How to use FL Studio - Making music

This section covers the FL Studio desktop and basic workflow. FL Studio allows you to load instruments and samples, play these live or manually enter the note data, record external sounds (from a microphone for example) and play the whole mix back through the mixer (adding effects). The completed project can be saved to a .flp or .zip and/or exported (rendered) to .wav, .mp3 or .ogg audio.

This section covers:

We also recommend you watch the FL Studio | Getting Started YouTube playlist.

Main Windows

The FL Studio desktop is based on a number of windows, most of these are movable (with overlap), resizable, zoomable and switchable so if a window isn't visible open it using the Shortcut toolbar (or the function keys as noted in brackets). The main windows involved in FL Studio music creation are - Channel Rack (F6), Piano roll (F7). Mixer (F9) and Playlist (F5). The Browser (Alt+F8) is used to access audio files, plugins & presets (see the File setting options for adding folders elsewhere on your computer to the Browser). NOTE: If you ever need to reset the position of all windows to their default use (Ctrl+Shift+H) or see the View menu options.


Once you have mastered the FL Studio interface, the next step is to learn the procedure for creating music - the FL Studio 'workflow'. The typical steps making a track are outlined below:

1. Instruments

The Channel Rack holds instruments (plugins) that create sound and internal generators that control automation. Every pattern has access to all instruments in the rack. So, all patterns have access to all instruments in the Channel Rack. Patterns are not limited to a single instrument as they are in most other sequencers. Music data can come in the form of Step sequences and Piano roll scores. The height of the Channel Rack will change dynamically as you add and remove plugins. The Step Sequencer, ( Video Here) is a pattern-based grid sequencer ideal for creating drum loops when Channels are loaded with the native Sampler, that holds a single percussion sample per Channel.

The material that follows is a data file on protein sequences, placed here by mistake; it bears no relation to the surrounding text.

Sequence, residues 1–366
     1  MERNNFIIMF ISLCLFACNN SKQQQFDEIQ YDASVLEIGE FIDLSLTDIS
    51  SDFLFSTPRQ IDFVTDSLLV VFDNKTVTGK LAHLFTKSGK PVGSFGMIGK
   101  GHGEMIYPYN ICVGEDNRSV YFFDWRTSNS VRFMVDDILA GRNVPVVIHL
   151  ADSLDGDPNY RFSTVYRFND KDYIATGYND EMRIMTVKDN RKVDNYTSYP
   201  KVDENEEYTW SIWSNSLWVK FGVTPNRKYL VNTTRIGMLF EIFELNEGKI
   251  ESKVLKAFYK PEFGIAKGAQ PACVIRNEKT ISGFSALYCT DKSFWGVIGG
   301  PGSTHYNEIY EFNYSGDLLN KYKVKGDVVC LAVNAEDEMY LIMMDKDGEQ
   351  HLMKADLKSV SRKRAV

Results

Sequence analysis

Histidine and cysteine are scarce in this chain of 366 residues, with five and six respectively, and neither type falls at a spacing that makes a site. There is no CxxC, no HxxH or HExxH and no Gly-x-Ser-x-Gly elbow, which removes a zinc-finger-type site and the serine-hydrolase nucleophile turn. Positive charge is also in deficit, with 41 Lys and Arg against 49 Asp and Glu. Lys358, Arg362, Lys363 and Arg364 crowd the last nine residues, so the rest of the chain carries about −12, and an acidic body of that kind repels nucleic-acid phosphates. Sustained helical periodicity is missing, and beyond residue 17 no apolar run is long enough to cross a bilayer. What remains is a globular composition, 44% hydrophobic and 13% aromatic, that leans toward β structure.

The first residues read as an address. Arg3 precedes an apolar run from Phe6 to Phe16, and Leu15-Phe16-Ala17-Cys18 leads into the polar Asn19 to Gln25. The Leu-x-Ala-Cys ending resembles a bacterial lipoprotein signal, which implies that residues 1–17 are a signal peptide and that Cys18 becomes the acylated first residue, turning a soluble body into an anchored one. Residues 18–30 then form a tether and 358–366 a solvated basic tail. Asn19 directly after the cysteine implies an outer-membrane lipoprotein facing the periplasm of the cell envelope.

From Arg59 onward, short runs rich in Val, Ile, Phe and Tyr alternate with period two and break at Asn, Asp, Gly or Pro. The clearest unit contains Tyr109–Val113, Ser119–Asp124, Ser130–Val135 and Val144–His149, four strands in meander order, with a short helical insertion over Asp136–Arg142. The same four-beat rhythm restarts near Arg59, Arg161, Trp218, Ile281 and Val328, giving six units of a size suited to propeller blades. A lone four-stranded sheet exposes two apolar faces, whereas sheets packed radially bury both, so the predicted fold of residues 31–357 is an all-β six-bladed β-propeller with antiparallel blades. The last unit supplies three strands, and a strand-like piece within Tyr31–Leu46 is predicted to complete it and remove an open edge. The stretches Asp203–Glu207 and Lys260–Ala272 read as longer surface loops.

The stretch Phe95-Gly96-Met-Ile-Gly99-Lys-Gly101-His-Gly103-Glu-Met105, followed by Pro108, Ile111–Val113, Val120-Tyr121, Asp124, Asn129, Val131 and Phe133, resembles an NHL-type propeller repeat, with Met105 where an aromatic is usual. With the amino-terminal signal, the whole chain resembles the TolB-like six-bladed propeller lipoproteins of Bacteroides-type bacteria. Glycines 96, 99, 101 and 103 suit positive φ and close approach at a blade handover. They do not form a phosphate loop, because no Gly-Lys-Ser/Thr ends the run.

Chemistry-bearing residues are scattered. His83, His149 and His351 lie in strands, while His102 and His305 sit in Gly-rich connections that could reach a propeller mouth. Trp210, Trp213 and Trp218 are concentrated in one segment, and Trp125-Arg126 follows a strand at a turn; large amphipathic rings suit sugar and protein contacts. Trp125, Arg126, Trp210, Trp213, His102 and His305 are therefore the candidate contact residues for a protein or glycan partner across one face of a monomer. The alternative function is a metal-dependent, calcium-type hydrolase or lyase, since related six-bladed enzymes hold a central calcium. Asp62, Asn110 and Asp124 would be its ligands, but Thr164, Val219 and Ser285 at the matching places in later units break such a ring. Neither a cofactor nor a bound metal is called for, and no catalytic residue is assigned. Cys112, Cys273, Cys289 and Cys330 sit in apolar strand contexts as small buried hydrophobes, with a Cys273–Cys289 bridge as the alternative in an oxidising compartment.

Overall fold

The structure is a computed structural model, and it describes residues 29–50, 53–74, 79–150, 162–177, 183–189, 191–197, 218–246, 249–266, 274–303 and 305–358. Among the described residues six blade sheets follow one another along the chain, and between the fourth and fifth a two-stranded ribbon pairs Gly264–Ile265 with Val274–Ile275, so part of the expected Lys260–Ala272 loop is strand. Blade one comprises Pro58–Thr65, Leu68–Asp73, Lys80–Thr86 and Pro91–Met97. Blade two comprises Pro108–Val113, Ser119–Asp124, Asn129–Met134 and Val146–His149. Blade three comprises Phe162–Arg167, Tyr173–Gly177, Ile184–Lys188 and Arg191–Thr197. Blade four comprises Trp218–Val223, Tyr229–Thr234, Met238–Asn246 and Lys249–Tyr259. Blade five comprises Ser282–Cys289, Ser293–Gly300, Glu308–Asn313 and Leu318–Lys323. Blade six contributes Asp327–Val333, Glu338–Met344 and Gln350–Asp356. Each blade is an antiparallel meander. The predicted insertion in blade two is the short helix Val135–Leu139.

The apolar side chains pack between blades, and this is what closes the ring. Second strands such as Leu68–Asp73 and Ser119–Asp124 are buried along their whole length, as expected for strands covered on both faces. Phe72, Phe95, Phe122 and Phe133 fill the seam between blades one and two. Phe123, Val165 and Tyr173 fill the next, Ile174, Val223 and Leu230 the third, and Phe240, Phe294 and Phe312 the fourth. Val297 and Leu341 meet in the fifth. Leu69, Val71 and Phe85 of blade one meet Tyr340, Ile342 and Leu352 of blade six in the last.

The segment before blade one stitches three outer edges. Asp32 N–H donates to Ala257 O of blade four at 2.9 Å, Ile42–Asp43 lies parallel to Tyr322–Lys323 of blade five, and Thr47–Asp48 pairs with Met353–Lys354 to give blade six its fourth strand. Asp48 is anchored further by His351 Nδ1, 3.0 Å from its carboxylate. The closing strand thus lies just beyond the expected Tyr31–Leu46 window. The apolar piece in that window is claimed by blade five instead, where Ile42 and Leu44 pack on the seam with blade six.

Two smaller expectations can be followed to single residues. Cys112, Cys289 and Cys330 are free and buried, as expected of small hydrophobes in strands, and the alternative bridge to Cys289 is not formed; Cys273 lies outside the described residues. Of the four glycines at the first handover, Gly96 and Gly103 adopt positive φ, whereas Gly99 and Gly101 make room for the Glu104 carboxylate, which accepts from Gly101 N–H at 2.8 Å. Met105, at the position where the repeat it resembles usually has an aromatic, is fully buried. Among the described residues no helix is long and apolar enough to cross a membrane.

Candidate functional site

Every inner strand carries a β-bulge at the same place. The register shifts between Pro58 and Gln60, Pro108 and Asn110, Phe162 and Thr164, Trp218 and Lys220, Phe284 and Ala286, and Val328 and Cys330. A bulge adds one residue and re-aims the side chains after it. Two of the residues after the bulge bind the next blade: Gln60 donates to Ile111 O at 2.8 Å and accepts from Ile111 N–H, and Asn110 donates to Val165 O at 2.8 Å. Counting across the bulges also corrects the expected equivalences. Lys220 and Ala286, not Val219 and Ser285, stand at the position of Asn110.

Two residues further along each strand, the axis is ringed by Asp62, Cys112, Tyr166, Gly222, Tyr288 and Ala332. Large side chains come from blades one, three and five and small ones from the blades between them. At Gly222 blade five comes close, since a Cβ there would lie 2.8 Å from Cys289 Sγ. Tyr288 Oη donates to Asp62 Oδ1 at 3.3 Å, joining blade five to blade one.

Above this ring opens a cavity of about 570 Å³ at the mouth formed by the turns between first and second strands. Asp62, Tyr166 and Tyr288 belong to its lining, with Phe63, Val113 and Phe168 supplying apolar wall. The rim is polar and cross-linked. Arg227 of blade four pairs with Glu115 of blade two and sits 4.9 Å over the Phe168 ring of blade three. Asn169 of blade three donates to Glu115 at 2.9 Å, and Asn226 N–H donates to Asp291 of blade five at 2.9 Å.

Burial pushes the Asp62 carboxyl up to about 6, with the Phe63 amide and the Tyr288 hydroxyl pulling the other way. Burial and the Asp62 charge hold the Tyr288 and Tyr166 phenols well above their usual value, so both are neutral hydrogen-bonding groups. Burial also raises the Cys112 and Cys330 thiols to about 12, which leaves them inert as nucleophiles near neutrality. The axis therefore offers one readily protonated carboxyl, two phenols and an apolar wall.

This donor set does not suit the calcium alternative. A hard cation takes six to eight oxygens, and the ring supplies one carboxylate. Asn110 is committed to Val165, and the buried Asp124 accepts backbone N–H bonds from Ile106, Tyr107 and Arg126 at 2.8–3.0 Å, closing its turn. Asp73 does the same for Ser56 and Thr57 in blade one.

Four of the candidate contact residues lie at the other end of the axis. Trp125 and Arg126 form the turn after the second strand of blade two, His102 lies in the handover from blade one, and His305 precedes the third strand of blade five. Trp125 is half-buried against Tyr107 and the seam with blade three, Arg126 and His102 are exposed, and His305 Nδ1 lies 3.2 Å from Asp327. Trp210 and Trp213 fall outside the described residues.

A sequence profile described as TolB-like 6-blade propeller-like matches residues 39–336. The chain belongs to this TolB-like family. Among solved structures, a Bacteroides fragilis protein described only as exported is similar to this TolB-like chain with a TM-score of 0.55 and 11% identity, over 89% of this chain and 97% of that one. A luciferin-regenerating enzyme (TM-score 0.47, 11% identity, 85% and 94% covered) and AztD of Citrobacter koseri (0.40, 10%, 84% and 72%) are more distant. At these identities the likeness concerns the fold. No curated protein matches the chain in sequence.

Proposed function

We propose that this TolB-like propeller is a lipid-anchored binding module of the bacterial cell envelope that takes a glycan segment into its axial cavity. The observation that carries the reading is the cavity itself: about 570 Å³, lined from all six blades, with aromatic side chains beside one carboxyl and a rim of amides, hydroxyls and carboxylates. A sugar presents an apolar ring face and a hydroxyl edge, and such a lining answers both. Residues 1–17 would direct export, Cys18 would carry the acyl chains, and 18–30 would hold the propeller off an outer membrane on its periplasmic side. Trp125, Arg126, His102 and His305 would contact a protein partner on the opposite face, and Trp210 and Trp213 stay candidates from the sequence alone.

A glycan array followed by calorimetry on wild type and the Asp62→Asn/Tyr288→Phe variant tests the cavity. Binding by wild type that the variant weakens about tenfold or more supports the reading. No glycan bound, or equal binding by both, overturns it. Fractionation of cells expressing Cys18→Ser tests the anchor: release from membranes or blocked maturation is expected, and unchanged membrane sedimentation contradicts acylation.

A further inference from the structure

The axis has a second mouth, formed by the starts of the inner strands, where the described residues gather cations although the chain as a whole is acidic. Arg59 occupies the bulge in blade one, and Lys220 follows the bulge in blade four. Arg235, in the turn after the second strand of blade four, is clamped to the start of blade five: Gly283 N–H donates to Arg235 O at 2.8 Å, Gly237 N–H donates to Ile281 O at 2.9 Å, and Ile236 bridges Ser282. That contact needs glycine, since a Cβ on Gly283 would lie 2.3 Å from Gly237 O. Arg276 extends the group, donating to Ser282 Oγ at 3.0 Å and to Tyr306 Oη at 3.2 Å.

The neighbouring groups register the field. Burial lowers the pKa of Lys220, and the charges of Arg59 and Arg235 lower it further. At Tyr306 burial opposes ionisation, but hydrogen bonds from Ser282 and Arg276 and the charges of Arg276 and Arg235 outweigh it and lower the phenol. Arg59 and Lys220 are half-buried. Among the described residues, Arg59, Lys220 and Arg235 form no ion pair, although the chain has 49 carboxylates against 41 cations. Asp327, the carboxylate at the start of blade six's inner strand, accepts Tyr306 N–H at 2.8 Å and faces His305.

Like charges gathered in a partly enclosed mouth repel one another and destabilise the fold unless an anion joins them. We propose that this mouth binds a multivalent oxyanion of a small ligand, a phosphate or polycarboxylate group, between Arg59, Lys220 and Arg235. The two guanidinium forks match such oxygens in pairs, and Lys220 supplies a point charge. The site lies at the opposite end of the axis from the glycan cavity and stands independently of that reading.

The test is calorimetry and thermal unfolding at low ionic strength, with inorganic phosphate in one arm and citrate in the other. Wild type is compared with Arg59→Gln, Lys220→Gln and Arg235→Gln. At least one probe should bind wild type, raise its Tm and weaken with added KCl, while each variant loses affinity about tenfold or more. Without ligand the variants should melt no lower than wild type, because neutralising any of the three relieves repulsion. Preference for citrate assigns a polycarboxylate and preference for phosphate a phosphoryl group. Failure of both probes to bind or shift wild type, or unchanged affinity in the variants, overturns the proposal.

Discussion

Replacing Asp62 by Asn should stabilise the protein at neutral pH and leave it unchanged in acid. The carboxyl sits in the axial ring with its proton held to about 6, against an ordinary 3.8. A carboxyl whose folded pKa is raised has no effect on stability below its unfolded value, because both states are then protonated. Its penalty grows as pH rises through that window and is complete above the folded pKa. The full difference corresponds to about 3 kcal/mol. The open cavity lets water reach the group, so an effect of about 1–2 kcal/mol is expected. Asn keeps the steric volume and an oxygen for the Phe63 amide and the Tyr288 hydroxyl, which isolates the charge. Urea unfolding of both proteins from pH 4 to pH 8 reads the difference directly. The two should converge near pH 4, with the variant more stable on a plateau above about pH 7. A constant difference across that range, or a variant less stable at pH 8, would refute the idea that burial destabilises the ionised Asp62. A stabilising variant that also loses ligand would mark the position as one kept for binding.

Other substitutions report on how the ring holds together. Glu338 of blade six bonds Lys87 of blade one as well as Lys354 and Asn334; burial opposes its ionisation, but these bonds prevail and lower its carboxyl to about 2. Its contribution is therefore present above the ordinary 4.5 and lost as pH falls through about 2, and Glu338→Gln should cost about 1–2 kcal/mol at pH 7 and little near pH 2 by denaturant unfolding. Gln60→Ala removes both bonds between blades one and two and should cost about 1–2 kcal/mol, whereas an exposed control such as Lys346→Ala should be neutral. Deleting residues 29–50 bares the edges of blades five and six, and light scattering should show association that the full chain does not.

2. Composing & sequencing

3. Arranging & editing

The Playlist sequences all the elements of the project that play to make the final song. The Playlist window is a stack of multi-purpose 'Clip Tracks' that can host Patterns Clips, Audio Clips and Automation Clips. Unlike most other sequencers, the Playlist tracks are not bound to any one instrument, audio recording or even Clip type. You can put any Clip type anywhere and even overlay Clips. Think of Clips as a little like notes in the Piano roll. When the play-head reaches a Clip, FL Studio plays whatever the Clip instructs it to do.

4. Mixing

The Channel Rack shows a Channel button for each instrument. The audio from each Channel is sent to one of the Mixer Tracks for effects processing and level mixing. After opening the instrument access Instrument Channel Settings from the Channel Settings icon. Playlist Clip Tracks are not bound to Mixer tracks, rather Channel Rack to Mixer routing decides the Mixer track/s that are used. So Instrument Channels are bound to Mixer tracks, not Playlist tracks. For example, a single Pattern Clip on a single Playlist track, could trigger every Channel Rack instrument, and so all Mixer tracks if they were routed accordingly. If you want to simulate 'traditional' sequencer workflow: Route each Instrument to a separate Mixer track. Use one Instrument Channel per Pattern Clip and use one song-length Pattern Clip per Playlist track.

5. Exporting audio

That's it, go make some organized noise!